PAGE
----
Saturday, August 24, 2013
The Flexible Human Metabolism
Breedlove, Watson, and Rosenzweig (2010) explained that the human body anticipates future needs, by reading a variety of factors, such as food consumption and energy output. Simply stated, when individuals consume less food, their bodies hold onto fat and energy supplies and slow the metabolism because it senses future need, or rather, future scarcity of food. This, of course, is a highly efficient evolutionary process that compensated for varying food supplies versus the need to maintain energy. It has left the species with somewhat of a conundrum in that although a significant percentage of the population is obese or overweight, losing weight has its inherent challenges. When an individual begins dieting, the body naturally senses future scarcity of food and regulates itself by holding onto stores of fat. The result is that it becomes almost impossible to lose weight (Breedlove, Watson, & Rosenzweig, 2010). In this way, metabolism is one of the powerful influences on body weight.
Influences on Body Weight
Media Affects Personal Body Awareness
Certainly Americans are subjected to an inordinate amount of media that portrays healthy and happy individuals as thin. Celebrities maintain a physical appearance that has become an ideal by which people measure themselves. People are constantly bombarded with images of unreasonable expectations regarding body weight and other aspects of appearance (Wiseman, Gray, Mosimann, & Ahrens, 1992). These images negatively influence body awareness, which affects how individuals maintain body weight.
Genetics and metabolism
Cultural and racial differences in metabolisms have been found to exist and these differences subject individuals to predispositions in their ability to metabolize food. Because of geographical location and other environmental influences, cultures and races can evolve specific metabolic characteristics suitable for their environment, such as their geographical location. Neel (1962) suggested that when a culture lives in harsh, unstable, or geographically isolated locations, members of that culture develop a culturally specific, highly efficient metabolism. Hawaii is geographically isolated which may predispose Native Hawaiians to biological efficiency (Neel, 1962). He further postulated that if conditions change, the efficient metabolism may no longer be beneficial - and it may become detrimental. In this case, adequate food supplies reach Hawaii today and the idea of food shortage has become obsolete, however Native Hawaiians still maintain biological efficiency. When Native Hawaiians returned to their pre-Western diet, however, they lost weight and were healthier (Shintani, Hughes, Beckam & O'Connor, 1991).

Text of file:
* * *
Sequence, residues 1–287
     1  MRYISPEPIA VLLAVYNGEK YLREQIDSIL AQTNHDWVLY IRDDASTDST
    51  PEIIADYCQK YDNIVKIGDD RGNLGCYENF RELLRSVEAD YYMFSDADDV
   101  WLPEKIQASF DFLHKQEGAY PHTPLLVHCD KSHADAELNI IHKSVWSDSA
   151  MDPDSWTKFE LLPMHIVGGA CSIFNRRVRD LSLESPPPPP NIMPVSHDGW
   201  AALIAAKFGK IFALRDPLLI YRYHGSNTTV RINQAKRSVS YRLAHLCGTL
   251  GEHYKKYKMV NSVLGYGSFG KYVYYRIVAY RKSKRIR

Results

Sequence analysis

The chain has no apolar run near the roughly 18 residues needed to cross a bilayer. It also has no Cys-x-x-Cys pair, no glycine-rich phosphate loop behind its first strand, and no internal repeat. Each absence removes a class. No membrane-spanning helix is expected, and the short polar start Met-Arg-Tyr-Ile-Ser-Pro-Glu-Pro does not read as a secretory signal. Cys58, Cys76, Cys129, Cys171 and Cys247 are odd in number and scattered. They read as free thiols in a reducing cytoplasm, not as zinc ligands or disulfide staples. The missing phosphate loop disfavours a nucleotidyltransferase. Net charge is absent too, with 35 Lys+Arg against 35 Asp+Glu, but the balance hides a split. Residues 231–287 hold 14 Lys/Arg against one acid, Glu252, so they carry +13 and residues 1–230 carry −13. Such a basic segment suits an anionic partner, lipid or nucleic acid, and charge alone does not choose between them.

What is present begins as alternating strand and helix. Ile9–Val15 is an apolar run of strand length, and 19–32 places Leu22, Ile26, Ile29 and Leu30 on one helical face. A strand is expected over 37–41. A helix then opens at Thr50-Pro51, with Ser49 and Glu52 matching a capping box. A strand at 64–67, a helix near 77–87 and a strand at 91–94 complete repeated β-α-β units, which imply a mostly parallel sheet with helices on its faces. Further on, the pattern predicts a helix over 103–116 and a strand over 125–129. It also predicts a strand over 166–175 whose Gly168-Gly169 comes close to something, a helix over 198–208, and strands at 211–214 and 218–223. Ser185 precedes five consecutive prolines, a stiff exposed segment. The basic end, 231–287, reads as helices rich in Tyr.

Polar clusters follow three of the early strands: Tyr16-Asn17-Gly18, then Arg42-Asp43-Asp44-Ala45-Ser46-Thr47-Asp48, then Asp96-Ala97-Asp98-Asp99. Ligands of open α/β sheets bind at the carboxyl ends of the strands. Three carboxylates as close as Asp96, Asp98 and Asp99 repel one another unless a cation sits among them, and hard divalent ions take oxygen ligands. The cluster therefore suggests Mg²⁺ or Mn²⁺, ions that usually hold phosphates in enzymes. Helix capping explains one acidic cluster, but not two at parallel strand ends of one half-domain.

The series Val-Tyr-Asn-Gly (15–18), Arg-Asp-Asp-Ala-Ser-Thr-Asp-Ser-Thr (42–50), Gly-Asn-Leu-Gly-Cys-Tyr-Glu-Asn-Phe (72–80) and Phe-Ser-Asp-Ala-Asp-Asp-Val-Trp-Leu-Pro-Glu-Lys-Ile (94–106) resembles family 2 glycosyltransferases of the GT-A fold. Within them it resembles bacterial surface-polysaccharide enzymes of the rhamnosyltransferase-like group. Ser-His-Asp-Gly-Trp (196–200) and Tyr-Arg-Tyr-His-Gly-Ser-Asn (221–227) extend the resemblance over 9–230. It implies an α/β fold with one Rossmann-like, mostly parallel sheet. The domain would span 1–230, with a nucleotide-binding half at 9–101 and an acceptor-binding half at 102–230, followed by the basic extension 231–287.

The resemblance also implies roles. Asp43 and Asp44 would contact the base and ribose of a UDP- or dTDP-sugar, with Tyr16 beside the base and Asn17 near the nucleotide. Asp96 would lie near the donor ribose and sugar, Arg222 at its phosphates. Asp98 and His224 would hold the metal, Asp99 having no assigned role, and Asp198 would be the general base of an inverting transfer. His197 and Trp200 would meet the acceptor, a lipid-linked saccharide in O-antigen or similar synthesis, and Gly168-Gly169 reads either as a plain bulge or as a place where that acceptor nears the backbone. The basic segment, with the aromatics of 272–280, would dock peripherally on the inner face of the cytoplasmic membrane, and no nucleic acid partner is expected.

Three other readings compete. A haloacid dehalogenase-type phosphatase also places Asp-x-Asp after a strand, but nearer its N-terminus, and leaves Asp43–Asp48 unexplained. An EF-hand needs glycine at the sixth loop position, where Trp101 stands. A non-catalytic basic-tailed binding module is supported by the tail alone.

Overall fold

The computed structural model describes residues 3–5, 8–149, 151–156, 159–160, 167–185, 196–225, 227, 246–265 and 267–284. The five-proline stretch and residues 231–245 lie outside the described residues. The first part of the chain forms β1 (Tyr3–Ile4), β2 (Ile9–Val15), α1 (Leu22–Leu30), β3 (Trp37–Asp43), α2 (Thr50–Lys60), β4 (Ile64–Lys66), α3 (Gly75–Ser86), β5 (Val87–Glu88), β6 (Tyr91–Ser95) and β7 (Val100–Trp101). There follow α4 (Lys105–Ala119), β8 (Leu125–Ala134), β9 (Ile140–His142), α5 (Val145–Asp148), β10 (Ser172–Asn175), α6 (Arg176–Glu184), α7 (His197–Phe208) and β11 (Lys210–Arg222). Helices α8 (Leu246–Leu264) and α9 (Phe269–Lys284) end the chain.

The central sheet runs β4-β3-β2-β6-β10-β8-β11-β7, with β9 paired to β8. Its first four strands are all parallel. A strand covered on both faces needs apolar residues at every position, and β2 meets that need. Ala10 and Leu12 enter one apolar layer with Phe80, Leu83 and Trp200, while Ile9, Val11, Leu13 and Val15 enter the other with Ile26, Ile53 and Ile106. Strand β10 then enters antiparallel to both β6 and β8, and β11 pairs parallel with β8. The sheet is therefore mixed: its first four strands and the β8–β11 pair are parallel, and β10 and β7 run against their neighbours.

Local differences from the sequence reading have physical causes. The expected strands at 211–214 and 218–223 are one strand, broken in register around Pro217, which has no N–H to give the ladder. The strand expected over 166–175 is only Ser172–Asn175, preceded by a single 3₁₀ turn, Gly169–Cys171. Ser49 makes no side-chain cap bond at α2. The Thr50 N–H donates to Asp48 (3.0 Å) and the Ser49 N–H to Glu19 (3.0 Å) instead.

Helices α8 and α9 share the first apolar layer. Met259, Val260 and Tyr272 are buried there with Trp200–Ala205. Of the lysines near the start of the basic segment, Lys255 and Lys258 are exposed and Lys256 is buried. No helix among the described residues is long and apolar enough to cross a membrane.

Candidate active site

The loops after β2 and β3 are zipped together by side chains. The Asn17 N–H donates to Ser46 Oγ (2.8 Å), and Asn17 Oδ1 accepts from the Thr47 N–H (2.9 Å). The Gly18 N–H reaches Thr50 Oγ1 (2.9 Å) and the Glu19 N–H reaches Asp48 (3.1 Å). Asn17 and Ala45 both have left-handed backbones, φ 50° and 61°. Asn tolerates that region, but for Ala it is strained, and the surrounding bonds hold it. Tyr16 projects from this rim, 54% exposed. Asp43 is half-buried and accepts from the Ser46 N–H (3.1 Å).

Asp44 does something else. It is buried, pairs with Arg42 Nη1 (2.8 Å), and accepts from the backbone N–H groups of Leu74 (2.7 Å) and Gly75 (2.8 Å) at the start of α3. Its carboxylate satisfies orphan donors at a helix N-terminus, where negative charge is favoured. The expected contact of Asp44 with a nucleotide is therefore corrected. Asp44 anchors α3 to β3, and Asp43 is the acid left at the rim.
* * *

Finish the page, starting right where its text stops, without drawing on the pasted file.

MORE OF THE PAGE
In another example of cultural genetics, excessive carbohydrate consumption has been blamed for the almost epidemic proportion of diabetes in the USA. However, Teuscher, Baillod, Rosman and Teuscher (1987) found that although two West African villages had extremely high carbohydrate intake (84% of their daily calories) none had diabetes and none showed serum levels of blood glucose levels or being pre-diabetic. The main source of carbohydrate for these peoples was cassava root, which is an indigenous plant and staple in their culture (Teuscher, Baillod, Rosman & Teuscher, 1987). It may be that the high consumption of carbohydrates was genetically appropriate for these individuals because this food was natural to their environment and their genetic constitution.